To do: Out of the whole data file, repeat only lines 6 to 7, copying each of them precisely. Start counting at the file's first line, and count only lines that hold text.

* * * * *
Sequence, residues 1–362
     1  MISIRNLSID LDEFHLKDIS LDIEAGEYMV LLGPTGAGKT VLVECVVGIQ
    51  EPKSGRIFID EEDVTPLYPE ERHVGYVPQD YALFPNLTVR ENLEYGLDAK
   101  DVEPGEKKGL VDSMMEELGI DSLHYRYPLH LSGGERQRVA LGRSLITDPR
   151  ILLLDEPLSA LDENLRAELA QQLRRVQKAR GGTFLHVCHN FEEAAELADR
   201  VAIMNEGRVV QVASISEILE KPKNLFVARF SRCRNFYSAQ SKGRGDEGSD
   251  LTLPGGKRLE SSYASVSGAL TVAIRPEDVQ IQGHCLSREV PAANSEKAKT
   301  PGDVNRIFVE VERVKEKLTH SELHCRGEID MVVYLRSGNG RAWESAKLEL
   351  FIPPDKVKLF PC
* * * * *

   201  VAIMNEGRVV QVASISEILE KPKNLFVARF SRCRNFYSAQ SKGRGDEGSD
   251  LTLPGGKRLE SSYASVSGAL TVAIRPEDVQ IQGHCLSREV PAANSEKAKT